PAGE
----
How do you free yourself from Ego and Regret?

Sunday, November 9, 2008

Waking Up In a New Political Landscape

I have tried, in the past few months, to keep politics at a good distance from this blog. In a political race, it is easy to alienate people who may not be rooting for the same candidate you are. Particularly in the farming community in which I dwell, thrusting my Obama sign into the grass in front of my house seemed somehow bellicose. I had to put my more apologetic tendencies aside and remind myself that this was, indeed, a competition, and I had every right to root for my team.

This past week has been monumental for me, as I'm sure it has for the majority of Americans. Even those who did not vote for Obama are surely realizing the historical importance of this election. If they're lucky, they will have at least experienced a flutter in their hearts upon viewing people all over the country and the world dancing in the streets and waving American flags. To know that people in countries all over the world are actually celebrating one of our decisions is truly spectacular. Regardless of how swiftly the Obama administration is able to carry out its promises, our whole political landscape has changed over night. America is transitioning into a new brand of country.

I woke up Wednesday morning with hope and excitement in my heart, and those feelings remain with me now. I feel fortunate that I have not fallen victim to the paranoia and xenophobia that caused many people to say "NoBama, No Way." After all, what has my generation of Americans experienced thus far that we can be truly excited about? Two gulf wars? 9/11? Hurricane Katrina? I think not. This is the first sign of positive progress we have been witness to. I never got to see Neil Armstrong walk on the moon for the first time, or desegregation in schools. But I did get to witness the first black president elected into office, winning the popular and electoral votes, and humbling stepping onto the stage in Chicago to greet the world.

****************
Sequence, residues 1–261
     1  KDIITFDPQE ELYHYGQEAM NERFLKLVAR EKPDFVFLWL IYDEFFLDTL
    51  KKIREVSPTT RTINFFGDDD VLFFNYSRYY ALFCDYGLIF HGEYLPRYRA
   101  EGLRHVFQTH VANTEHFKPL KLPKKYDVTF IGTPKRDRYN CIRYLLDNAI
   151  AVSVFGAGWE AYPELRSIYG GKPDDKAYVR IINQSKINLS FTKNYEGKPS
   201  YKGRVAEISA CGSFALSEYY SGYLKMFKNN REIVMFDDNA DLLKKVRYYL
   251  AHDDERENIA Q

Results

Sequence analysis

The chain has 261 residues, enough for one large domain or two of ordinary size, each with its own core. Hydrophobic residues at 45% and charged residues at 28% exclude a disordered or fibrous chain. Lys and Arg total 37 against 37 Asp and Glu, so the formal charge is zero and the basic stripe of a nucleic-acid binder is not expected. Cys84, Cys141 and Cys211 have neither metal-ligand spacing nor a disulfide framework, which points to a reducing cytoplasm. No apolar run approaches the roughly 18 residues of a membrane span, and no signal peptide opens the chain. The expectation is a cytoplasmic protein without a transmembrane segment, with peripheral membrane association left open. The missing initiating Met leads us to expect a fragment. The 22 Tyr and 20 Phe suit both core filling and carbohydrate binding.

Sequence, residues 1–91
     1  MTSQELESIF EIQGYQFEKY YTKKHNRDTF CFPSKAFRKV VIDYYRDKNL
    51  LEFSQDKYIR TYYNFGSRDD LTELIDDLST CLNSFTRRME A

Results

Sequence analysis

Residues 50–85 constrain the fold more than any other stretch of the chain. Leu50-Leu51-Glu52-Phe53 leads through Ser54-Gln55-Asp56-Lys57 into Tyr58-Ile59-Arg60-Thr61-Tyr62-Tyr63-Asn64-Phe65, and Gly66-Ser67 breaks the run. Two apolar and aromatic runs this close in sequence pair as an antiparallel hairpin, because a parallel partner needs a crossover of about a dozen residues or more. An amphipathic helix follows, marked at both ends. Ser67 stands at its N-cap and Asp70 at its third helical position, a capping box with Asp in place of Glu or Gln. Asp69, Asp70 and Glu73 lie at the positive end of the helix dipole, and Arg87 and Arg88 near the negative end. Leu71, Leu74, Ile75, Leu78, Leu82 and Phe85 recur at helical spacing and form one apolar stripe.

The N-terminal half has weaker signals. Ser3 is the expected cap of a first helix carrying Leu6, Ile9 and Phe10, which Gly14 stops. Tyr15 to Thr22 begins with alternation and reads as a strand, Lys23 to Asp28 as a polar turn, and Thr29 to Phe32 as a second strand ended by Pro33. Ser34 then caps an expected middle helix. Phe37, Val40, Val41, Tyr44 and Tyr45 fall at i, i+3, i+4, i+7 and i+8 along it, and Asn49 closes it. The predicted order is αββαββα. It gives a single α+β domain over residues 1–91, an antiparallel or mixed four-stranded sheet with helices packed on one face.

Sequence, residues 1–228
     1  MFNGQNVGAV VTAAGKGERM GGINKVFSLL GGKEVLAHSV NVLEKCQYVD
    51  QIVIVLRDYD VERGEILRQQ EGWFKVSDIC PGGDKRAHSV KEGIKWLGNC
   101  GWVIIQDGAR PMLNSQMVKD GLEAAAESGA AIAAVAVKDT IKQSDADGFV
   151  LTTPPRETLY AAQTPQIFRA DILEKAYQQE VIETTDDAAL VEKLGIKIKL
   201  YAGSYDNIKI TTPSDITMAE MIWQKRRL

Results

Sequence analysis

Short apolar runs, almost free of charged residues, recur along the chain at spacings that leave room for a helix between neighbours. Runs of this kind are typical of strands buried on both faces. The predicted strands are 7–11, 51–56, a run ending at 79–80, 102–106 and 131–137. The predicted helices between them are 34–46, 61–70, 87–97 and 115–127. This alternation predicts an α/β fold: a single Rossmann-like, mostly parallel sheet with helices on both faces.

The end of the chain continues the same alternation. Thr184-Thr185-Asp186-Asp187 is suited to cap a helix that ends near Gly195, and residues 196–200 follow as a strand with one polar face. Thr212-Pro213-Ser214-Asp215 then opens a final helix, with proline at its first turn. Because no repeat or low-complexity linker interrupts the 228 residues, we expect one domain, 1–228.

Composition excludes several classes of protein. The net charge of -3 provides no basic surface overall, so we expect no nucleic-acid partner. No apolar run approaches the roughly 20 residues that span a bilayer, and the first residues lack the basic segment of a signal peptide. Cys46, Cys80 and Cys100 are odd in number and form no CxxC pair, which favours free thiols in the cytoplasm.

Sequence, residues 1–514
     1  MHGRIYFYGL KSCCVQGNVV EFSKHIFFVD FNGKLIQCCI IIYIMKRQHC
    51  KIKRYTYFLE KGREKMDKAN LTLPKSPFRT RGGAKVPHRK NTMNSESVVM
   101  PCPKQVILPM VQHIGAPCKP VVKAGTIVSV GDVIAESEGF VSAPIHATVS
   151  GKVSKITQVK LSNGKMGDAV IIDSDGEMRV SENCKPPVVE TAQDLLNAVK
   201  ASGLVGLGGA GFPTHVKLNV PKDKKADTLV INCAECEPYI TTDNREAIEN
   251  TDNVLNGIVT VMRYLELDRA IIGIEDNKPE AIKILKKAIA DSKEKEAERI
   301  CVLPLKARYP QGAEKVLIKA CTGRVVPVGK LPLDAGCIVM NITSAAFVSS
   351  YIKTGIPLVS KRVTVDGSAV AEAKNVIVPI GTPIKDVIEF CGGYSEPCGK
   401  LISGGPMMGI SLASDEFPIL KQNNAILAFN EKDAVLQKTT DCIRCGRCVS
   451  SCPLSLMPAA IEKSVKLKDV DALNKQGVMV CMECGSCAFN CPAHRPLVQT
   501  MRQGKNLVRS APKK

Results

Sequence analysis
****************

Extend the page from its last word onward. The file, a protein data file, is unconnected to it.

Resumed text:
Certainly, this election does not prove that we are "color blind," or that we have demolished all racial barriers in this country in the matter of one day. I hope we don't begin to think so; there is still much work to be done. And neither will every election from this day forward go my way. But I have a renewed confidence in the power of grassroots movements, our rights as voters, and the constitution. As my friend Liz wrote very poignantly to me in an email this week:
"On this post-election day 1 (i.e. "the beginning"), I am making a
promise. Just as I typically, in the throes of a hangover, promise
never to drink again, I may be making a vow that I cannot keep. But I
am at least pledging to try…I will not lose faith in this country
again. I will not forget this day or this feeling, and I'm hoping
that you won't either. I will not let my guard down, and when this
country starts to mess up again, I will stay calm and hopeful, and
work to change it. And finally, although I can't promise not to
threaten it again, I won't actually move to Canada, no matter what."

May the energy from this week carry on over the next big steps in our country's progress, and into our everyday lives from this day forward.
And may we all learn great things from being part of our nation's great history.